This workshop focuses on the art of editing, and offers techniques that help writers re-enter that old friend, the poem that’s almost finished, with renewed creative energy. The one you’ve read and reread, and tweaked and put in the drawer. Each poet can bring in any poem they wish, even a new one. Bring in a piece (up to one full page) that’s almost there, but perhaps has been rejected by one journal or more that you respect. The intention is to bring fresh eyes to the work, and to help discover the poem’s true and lasting form in terms of language, line breaks, imagery, music and shape on the page. Each submission will receive close personal attention by the instructors. This iteration of the class is expanded to include a discussion of published poems and what makes them “work.”
The workshop will be taught via Zoom. The Zoom link will be emailed at the time of registration. (Please check spam folder for this email.) Please email [email protected]
with any questions.
There are two free Altman Person of Color Scholarships, and one Need based Scholarship, all given on a first come, first served basis to students living in the United States. The limit is one scholarship every other month per student. Please let us know right away if your plans change and you are not able to use the scholarship so we can open the seat to another student. Thank you.
Daniel Lawless is the founder and editor of the monthly online magazine Plume: A Journal of Contemporary Poetry, and the Plume anthologies, which appear in print annually. His poems have been published in Ploughshares, Prairie Schooner, FIELD, and The American Journal of Poetry, among many others. Lawless has lived and taught in France and the UK, and now resides in St. Petersburg, Florida. He writes critical essays and conducts author interviews. He received a grant from The Shifting Foundation in 2018. Louisville 1984-1974, is the title of his forthcoming book, comprising a number of prose poems and sketches drawing on his youthful experiences in that city.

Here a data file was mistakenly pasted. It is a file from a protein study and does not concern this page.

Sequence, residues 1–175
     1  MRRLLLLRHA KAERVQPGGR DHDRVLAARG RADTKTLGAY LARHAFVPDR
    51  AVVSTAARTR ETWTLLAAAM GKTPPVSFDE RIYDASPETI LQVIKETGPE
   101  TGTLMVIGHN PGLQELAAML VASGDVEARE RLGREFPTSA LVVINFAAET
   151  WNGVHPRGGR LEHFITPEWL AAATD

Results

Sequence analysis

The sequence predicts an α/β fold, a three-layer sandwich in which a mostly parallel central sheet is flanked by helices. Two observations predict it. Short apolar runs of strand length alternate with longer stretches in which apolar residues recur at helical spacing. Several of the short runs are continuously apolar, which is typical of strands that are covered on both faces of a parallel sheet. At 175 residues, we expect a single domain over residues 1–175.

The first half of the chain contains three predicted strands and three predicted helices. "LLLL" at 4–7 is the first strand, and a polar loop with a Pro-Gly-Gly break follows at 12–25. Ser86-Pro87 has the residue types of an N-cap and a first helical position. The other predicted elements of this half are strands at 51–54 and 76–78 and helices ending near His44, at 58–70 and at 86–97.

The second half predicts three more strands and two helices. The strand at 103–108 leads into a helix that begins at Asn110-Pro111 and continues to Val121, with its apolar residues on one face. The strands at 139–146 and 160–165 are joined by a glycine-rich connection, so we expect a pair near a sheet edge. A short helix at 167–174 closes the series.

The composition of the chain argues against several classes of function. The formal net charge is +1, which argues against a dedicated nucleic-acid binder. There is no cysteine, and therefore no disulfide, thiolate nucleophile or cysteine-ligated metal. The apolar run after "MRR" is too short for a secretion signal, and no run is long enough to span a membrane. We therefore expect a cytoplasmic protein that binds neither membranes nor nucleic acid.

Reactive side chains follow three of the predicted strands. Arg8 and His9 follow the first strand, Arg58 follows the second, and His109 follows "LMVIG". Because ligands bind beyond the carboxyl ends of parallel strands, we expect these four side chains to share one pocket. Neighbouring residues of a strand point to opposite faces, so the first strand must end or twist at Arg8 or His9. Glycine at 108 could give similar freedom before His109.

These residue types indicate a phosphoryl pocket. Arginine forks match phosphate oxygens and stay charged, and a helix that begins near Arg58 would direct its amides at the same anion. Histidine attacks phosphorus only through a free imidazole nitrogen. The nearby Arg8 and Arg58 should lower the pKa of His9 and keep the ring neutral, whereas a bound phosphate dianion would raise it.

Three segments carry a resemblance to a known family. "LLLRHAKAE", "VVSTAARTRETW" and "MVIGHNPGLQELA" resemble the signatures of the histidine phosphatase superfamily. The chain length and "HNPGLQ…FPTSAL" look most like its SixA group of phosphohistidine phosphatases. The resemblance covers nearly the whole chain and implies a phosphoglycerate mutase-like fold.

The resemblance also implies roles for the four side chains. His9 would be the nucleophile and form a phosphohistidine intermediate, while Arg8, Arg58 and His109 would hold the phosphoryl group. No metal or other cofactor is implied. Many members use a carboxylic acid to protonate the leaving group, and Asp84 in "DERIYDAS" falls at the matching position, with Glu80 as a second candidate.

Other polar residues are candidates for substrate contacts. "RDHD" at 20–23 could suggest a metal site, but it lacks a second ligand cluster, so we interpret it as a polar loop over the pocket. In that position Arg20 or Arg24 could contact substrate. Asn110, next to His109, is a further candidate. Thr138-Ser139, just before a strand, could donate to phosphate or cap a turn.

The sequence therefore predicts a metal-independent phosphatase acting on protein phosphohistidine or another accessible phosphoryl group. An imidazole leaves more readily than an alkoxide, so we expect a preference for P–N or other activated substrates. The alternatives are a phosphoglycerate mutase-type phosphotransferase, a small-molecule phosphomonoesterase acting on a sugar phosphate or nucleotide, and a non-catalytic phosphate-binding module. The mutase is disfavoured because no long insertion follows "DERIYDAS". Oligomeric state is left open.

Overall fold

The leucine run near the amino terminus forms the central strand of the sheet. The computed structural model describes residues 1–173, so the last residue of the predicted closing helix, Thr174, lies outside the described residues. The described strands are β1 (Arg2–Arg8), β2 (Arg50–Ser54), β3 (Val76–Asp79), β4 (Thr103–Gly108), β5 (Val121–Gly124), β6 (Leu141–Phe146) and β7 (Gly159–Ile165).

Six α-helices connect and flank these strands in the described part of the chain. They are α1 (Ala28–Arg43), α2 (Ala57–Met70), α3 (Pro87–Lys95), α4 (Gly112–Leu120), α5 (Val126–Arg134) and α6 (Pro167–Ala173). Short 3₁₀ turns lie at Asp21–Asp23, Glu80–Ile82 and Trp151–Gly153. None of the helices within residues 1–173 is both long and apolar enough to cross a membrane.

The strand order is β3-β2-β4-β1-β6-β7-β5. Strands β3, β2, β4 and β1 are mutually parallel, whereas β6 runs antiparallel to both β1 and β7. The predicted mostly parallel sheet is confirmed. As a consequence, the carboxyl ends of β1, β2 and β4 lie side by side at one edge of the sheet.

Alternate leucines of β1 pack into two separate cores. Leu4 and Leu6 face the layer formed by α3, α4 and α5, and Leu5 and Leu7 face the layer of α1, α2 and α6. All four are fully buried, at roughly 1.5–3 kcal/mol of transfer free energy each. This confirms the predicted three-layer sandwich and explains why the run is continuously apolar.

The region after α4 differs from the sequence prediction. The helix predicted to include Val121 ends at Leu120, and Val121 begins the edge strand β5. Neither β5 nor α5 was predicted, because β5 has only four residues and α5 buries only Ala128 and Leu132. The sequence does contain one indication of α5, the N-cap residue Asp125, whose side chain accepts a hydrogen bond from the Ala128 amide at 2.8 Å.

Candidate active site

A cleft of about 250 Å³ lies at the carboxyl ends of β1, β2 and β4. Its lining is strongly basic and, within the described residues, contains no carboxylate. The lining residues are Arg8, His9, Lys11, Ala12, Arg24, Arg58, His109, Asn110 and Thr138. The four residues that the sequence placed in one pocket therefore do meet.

Frances Richey is the author of three poetry collections: The Warrior (Viking Penguin 2008), The Burning Point (White Pine Press 2004), and the chapbook, Voices of the Guard, (Clackamas Community College 2010). She teaches an on-going poetry writing class at Himan Brown Senior Program at the 92nd Street Y in NYC, and is the Poetry Editor for upstreet literary magazine, and Editor of Illuminations, the biennial anthology of poems and prose by Himan Brown Poets and Writers at the 92nd Street Y. Her work has appeared in or is forthcoming from: The New York Times, The New York Times Magazine, O, The Oprah Magazine, Plume, Nimrod, Gulf Coast, Salamander, Blackbird, Cortland Review and The Common, among others. Her poems have been featured on NPR, PBS NewsHour and Verse Daily. Her manuscript, “On The Way Here,” was a finalist for the National Poetry Series in 2019. She lives in New York City.